The inner hair cells are the principal sensory elements. Each one synapses with the neurites of up to 10 rapidly conducting neurons whose myelinated axons make up at least 90% of the fibers of the cochlear nerve. No neuron is contacted by more than one inner hair cell. The outer hair cells synapse with branches of unmyelinated axons, which account for 5% to 10% of the fibers of the cochlear nerve. The zone of outer hair cells receives most of the efferent fibers of the cochlear nerve, which are described later. The outer hair cells are motile. Their microvilli move in response to transduced sound and produce corresponding vibrations of the tectorial membrane. This has the effect of lowering the threshold of excitation of the inner hair cells.
It is basic to the physiology of the cochlea that a particular region of the basilar membrane, depending on the pitch of sound, responds by maximal vibration. Bending of the hairs reduces the membrane potential of the hair cells, causing increased release of their chemical transmitter and initiation of action potentials in the sensory nerve endings. Regardless of the pitch of sound, vibration of the basilar membrane begins at the base of the cochlea and travels along the membrane with increasing magnitude to a point determined by the pitch. At this point, the vibration suddenly dies away, and impulses reaching the brain from the place of maximal stimulation of the organ of Corti are interpreted as a particular pitch of sound. An increase in the intensity of sound causes maximal vibration in a larger region of the basilar membrane, thereby activating more hair cells and neurons. Tonotopic localization is sharpened by lateral inhibition (see Chapter 19) in the nuclei of the ascending pathway to the auditory cortex and by various descending connections, including centrifugal fibers in the vestibulocochlear nerve.
The cochlear nerve consists principally of axons of cells in the spiral ganglion, most of which are myelinated. It traverses the internal acoustic meatus in the petrous part of the temporal bone alongside the vestibular nerve, the two roots of the facial nerve (Chapter 8), and the labyrinthine artery (Chapter 25). On emerging from the internal meatus, the vestibulocochlear and facial nerves traverse the subarachnoid space in the cerebellopontine angle, a region between the middle and inferior cerebellar peduncles. The cochlear fibers enter the brain stem at this level and bifurcate, with one branch ending in the dorsal cochlear nucleus and the other branch in the ventral cochlear nucleus (Fig. 21-6). The cochlear nuclei are situated superficially in the rostral end of the medulla adjacent to the base of the inferior cerebellar peduncle (see Fig. 7-7). A tonotopic pattern of axonal endings has been demonstrated in both nuclei in laboratory animals and probably exists in humans. The dorsal and ventral cochlear nuclei differ in their contributions to the central pathways.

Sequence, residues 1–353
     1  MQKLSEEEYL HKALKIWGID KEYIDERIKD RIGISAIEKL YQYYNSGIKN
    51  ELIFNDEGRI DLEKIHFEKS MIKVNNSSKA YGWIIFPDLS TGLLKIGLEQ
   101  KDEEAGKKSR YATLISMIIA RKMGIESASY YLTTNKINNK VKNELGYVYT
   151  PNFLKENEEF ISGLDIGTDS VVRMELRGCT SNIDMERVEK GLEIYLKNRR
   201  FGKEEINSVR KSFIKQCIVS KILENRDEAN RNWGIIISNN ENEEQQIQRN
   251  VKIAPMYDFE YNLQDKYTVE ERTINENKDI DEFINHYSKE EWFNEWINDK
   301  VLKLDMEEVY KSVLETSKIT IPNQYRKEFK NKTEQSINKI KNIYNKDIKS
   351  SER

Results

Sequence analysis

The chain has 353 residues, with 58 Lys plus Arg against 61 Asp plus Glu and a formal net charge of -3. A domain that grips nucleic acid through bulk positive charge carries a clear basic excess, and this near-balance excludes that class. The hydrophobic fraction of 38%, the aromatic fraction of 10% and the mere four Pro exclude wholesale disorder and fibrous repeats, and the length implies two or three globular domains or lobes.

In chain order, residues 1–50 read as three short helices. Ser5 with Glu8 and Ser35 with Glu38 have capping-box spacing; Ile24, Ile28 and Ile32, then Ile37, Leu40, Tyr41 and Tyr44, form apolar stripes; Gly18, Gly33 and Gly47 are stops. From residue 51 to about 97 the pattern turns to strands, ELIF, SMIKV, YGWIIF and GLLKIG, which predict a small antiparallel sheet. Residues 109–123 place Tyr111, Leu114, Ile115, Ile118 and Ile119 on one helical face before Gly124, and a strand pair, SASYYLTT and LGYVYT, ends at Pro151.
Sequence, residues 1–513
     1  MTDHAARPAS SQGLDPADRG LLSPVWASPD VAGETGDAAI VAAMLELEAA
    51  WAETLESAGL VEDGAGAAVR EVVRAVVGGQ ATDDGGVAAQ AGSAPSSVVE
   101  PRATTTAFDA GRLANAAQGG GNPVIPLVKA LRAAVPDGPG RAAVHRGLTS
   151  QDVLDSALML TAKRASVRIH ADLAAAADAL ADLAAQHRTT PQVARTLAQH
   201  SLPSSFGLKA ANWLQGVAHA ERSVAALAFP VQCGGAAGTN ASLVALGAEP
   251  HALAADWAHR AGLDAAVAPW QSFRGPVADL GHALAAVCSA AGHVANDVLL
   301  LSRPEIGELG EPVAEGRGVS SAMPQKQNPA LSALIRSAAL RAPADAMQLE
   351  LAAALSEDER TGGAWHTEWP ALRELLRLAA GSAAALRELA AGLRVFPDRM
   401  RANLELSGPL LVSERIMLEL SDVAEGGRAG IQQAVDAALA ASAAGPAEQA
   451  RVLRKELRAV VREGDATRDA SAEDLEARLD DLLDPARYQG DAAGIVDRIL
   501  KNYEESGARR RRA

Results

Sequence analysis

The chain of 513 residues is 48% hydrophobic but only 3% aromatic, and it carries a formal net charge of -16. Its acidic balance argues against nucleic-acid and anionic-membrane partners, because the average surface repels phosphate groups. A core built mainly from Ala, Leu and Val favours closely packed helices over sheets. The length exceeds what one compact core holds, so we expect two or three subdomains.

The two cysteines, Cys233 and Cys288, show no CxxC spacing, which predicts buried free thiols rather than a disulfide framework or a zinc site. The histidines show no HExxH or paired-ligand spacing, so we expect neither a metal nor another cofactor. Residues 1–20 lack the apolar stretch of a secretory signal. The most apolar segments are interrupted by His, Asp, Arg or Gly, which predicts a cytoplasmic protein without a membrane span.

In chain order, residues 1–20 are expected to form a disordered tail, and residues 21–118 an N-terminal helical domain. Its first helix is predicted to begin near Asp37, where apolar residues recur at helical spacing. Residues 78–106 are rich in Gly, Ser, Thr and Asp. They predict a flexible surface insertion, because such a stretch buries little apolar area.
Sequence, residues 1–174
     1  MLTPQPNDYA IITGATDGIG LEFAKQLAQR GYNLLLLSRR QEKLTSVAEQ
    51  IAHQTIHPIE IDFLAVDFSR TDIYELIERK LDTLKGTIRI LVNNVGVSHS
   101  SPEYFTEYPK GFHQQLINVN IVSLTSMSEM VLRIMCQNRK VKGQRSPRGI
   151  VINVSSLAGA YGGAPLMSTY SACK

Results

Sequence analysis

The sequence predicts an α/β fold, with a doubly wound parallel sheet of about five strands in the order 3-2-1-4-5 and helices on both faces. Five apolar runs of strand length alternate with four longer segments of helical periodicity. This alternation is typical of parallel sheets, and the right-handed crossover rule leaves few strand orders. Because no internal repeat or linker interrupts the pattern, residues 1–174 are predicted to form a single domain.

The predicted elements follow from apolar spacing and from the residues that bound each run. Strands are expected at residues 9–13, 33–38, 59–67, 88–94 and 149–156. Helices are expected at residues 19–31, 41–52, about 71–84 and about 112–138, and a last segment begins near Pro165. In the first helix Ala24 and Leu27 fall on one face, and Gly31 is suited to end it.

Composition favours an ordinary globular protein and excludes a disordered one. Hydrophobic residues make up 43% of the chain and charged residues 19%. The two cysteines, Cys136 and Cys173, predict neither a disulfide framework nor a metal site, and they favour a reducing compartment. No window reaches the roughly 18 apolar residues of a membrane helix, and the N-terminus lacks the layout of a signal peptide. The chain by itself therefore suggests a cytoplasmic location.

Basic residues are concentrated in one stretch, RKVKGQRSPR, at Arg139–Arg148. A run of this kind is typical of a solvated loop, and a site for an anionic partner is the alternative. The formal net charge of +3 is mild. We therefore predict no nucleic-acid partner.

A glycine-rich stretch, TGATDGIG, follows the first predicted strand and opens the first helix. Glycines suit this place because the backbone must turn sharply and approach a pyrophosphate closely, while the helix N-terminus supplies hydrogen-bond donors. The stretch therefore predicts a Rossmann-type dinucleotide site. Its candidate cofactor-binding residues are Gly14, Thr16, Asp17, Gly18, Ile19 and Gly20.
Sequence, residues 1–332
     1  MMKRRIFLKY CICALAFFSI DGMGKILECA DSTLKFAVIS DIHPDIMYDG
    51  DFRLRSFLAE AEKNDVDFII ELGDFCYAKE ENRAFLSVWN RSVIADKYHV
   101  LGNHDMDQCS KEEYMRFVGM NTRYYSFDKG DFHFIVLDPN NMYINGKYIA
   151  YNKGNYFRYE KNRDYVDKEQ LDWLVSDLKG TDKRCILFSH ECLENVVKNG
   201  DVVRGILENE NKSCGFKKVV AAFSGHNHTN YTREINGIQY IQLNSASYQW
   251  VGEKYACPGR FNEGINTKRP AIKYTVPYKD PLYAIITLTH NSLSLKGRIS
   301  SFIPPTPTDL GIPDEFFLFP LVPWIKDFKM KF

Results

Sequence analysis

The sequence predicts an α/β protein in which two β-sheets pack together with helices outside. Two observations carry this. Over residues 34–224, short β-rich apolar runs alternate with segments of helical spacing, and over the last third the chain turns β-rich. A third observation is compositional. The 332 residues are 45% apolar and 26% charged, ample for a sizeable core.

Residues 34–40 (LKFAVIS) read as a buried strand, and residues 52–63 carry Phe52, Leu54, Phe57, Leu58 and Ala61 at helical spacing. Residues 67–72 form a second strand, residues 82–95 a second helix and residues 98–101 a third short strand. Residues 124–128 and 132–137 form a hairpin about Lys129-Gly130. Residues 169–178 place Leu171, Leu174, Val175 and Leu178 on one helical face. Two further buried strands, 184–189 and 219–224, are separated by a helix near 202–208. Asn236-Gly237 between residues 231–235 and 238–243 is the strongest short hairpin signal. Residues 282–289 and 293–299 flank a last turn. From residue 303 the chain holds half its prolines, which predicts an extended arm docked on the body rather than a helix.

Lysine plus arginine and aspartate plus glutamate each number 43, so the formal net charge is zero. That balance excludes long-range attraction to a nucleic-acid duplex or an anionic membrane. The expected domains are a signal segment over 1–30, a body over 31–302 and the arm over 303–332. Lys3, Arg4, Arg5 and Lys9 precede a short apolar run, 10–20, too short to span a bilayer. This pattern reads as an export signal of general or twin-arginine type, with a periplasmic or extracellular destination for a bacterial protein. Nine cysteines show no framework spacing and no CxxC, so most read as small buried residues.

PATHWAY TO THE AUDITORY CORTEX
The pathway to the cerebral cortex is characterized by variable numbers of synaptic relays between the cochlear nuclei and the specific
thalamic nucleus for hearing, the medial geniculate body (see Fig. 21-6). There is a relay in the inferior colliculus, and additional synaptic interruptions may occur in the superior olivary nucleus and in the nucleus of the lateral lemniscus. The pathway also includes a